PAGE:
Hi! This week has been busy with several interviews and catching up with Nepali friends in Kathmandu.  I had an interview with Mr Raju Basnet and Mr Ramesh Pokharel, two Australia Awards short course in inclusive education alumni from the National Federation of the Disabled Nepal (NFDN). NFDN is an umbrella body of persons with disabilities and represents more than 300 member organizations in Nepal. They do an amazing job working with advocacy, awareness raising, and capacity building within inclusive education.

Me and NFDN staff Mr Raju Basnet and Mr Ramesh Pokharel
Me and NFDN staff Mr Raju Basnet and Mr Ramesh Pokharel

This week I also got to learn how to make Nepali momo’s (like dumplings), my favorite food in Nepal :). It was my friend Rajana that invited me home for lunch and together with her mother and sister we made soo many momos.  I ate way too many momo’s but they are so yummy! I have known Rajuna since 2017 so it has been great to be able to see her now while I am in Nepal.

Me, Rajana and her family making Nepali momo
Me, Rajana and her family making Nepali momo

I also had the opportunity to meet with  NB Limbu, Director and founder of the Nepal Association of the Blind (NAB). NAB is a national umbrella organization of the blind with over 3000 members across the country. They work to raise awareness and advocacy around inclusive education through providing i.e. computer training, digital accessible information system, and capacity building training.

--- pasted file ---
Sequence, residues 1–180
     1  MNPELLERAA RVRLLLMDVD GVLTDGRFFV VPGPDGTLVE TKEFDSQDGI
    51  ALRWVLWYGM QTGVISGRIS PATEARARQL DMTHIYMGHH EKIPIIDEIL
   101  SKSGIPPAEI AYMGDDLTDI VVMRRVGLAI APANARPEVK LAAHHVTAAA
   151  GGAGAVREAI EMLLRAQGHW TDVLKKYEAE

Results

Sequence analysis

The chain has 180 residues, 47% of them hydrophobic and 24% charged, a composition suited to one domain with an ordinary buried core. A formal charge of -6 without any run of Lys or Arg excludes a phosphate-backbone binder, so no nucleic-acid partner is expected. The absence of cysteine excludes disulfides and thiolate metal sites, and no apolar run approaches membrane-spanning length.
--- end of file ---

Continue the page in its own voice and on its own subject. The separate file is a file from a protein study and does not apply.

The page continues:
Me and Mr NB Limbu from the Nepal Association of the Blind
Me and Mr NB Limbu from the Nepal Association of the Blind

I was invited for a lovely Easter BBQ Nepali style which was great. We all had to wear topi (the hat on our heads) and ate lots of yummy food and drank Namaste Nepali beer. Really nice evening.

Easter BBQ celebration in Nepal
Easter BBQ celebration in Nepal

Celebration of the Orthodox Easter

Easter is celebrated somewhat late in the Eastern Europe in comparison with Sweden. The celebration was today, the 27th of April. Tomorrow people will go to the church to conduct some religious rites. There will be holidays for some days in the whole country.

Easter cake, Пасха
Cossack figurines in the streets of Odessa

This week was full with both meaningful experience and failures. I have conducted more interviews with volunteers from various battalions. The most remembered was the time spent at the headquarters of the Ukrainian Voluntary Army or Українська Добровольча Армія in Ukrainian. I made both participant observation and conducted some interviews there. The building of the headquarter had a symbolic meaning since it was build in the pre-Tsarist era and hosted various meetings of Ukrainian nationalists. Saturated with historic symbolism, the building also resembled features of a museum with patriotic spirit. One could encounter Ukrainian maps from various historical periods, as well as the drawings of children and adolescents.